November 8, 2013: Part I: Catastrophic Evaporation of Rocky Planets; Part II: Surface Layer Accretion in Protoplanetary Disks Driven by X-ray and FUV Ionization

Catastrophic Evaporation of Rocky Planets

Short-period exoplanets can have dayside surface temperatures surpassing 2000 K, hot enough to vaporize rock and drive a thermal wind. I will present a radiative-hydrodynamic model of atmospheric escape from strongly irradiated, low-mass rocky planets. We find that rocky planets with masses ≤ 0.1 M_Earth and surface temperatures ≥ 2000 K disintegrate entirely in ≤ 10 Gyr. When we apply our model to Kepler planet candidate KIC 12557548b—believed to be a rocky body evaporating at a rate of dM/dt ≥ 0.1 M_Earth/Gyr—we find its present-day mass to be ≤ 0.02 M_Earth (less than twice the mass of the Moon).

Surface Layer Accretion in Protoplanetary Disks Driven by X-ray and FUV Ionization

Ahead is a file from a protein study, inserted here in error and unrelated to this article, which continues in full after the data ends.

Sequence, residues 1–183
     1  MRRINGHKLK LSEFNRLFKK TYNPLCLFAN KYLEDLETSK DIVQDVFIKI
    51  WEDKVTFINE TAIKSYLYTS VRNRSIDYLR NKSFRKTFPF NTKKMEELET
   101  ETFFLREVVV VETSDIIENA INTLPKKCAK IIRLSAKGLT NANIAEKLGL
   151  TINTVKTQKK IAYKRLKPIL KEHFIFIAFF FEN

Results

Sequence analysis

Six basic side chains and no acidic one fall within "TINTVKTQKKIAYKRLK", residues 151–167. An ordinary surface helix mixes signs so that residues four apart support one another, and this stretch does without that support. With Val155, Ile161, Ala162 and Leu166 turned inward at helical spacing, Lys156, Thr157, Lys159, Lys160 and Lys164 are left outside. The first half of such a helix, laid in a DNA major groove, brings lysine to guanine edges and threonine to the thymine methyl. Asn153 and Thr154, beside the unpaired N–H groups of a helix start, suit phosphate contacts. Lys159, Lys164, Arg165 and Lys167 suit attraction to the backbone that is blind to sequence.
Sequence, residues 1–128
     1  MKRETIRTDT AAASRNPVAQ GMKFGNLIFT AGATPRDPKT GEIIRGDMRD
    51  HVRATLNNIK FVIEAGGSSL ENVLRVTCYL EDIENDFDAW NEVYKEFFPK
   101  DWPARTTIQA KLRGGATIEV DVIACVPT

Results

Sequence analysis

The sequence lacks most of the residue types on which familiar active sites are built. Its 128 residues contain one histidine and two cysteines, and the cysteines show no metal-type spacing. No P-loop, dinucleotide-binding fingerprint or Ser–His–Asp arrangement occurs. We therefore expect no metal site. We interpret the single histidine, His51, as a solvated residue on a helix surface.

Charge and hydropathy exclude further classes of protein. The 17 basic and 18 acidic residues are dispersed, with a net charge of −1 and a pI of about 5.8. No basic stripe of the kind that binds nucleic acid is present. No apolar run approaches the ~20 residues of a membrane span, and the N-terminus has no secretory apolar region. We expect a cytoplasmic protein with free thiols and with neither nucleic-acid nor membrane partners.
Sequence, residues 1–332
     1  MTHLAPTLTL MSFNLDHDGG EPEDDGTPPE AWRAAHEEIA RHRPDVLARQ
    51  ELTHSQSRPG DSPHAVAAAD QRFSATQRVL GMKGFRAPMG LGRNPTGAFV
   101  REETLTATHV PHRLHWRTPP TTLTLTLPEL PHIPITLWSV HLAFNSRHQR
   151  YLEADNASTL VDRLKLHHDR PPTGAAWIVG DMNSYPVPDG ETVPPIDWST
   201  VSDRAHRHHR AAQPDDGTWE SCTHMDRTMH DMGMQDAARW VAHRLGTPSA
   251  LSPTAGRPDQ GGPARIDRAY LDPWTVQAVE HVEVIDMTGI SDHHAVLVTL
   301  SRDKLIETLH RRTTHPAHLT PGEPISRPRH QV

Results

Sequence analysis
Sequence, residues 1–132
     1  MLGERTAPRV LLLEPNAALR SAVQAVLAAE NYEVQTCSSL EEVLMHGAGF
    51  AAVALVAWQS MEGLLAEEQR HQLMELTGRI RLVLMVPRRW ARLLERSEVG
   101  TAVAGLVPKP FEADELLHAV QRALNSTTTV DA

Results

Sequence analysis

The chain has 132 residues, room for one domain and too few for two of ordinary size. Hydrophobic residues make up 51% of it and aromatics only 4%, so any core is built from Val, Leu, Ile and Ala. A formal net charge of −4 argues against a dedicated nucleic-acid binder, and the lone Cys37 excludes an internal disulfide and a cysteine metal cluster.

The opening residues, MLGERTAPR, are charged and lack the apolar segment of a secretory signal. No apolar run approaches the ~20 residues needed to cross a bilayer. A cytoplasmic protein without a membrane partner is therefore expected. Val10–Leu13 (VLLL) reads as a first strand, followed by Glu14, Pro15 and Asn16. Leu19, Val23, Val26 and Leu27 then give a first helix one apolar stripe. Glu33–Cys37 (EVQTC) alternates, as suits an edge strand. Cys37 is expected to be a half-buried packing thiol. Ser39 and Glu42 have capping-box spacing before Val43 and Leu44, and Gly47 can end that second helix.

How do protoplanetary disks accrete? Whether accretion of the disk surface layers by the magnetorotational instability (MRI) occurs at observationally significant rates, depends on how well ionized they are. Surface layers ionized by stellar X-rays are susceptible to charge neutralization by small condensates. Ion densities in X-ray-irradiated surfaces are so low that ambipolar diffusion weakens the MRI. I will show that ionization by stellar far-ultraviolet (FUV) radiation produces a plasma so dense that it is immune to ion recombination on condensates. MRI-turbulence in the FUV-ionized layer behaves in the ideal magnetohydrodynamic (MHD) limit and can accrete at observationally significant rates at radii ≥ 1–10 AU. At smaller radii, surface layers ionized by both X-rays and FUV radiation cannot sustain the accretion rates generated at larger distance and an additional means of transport is needed.

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